• Were they better than the Wizards last season? No, though that was mostly due to devastating injuries. I'm not only talking about Al Horford -- they also had stretches where key players like Pero Antic, Kyle Korver and Jeff Teague were out of the lineup.
  • Their outlook in a word: Flexible. The Hawks have very few long-term commitments -- only Horford, Teague and Korver are under contract past 2015, and each are locked into team-friendly contracts ($12 million, $8 million and just under $6 million). There's plenty of room to sign a top free agent and there's also ample room to trade for it. There's also enough room to go in the other direction and trade away key players for future assets. The Hawks also have two first-round picks this year.
  • Key free agents: Shelvin Mack, Mike Scott.
  • Cap situation: They don't have quite enough to offer a max contract, but they do have enough to sign another player in the Paul Millsap range should they choose.
  • Verdict: Another team that's often neglected in discussions about the East's pecking order. Big questions: will Horford stay healthy and is Teague good enough?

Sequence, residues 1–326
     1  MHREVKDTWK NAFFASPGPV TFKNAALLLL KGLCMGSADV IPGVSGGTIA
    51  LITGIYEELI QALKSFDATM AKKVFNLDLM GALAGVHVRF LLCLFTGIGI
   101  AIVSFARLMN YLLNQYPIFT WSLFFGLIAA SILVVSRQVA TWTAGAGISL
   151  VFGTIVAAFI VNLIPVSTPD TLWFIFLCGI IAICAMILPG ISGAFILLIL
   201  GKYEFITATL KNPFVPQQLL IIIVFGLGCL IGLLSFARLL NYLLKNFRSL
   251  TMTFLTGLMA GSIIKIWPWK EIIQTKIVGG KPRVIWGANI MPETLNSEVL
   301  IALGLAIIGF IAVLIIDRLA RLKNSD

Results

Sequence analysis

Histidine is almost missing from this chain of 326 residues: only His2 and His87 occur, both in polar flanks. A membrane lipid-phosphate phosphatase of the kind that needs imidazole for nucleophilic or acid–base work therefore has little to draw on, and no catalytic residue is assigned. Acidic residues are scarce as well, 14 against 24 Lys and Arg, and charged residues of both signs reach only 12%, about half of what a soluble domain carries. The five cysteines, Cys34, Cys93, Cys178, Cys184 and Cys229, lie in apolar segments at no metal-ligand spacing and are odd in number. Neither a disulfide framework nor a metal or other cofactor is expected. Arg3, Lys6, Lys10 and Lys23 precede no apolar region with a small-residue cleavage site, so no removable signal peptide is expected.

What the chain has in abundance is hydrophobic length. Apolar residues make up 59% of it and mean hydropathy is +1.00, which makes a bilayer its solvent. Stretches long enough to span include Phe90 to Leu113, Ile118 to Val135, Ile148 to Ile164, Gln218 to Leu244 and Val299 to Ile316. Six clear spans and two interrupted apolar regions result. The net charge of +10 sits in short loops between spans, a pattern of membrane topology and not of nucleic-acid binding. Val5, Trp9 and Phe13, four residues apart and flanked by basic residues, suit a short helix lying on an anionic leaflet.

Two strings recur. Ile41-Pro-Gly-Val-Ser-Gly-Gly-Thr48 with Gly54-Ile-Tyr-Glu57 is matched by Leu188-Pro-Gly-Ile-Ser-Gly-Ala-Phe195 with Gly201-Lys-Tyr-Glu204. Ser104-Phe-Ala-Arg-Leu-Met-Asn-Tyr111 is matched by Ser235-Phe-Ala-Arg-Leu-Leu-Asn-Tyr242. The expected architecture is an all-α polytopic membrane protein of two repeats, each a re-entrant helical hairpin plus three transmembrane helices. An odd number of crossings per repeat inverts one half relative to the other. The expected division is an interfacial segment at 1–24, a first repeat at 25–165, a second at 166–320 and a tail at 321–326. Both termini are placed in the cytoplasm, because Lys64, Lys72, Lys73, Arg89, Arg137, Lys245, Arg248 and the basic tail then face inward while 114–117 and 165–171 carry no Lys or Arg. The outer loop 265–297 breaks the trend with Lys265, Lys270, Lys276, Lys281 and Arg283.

• Hate to say it, but Cleveland deserves our attention now that it has yet another No. 1 pick. Of course, Kyrie Irving's future is the big question. Neither side seems especially enamored with the other, but I'd be stunned if he leaves or is traded. This is a club that could make a huge jump, or it could Cavs it away like they have the last few years.
  • The Pistons are interesting with Stan Van Gundy now in charge, but I suspect they'll need more than a year to rebuild.
  • The Knicks are not a threat to me. Either Carmelo Anthony leaves and they are stuck or Anthony stays and they're stuck for a year.
  • The Celtics become a threat if they get Kevin Love, but I'm not sure how a team with Love, Rajon Rondo and their rag-tag core is any better than the Timberwolves team Love would leave.
  • Orlando has tons of young assets that could coalesce quickly, but jumping from 23 wins to contention is tough.

Looking at this group, it's Miami and everyone else, unless Chicago lands Love or Anthony. The Wizards are certainly in the EVERYONE ELSE mix, but there are more teams there than you'd think and each has a case for being better next season.

What do you think? Where do the Wizards stand?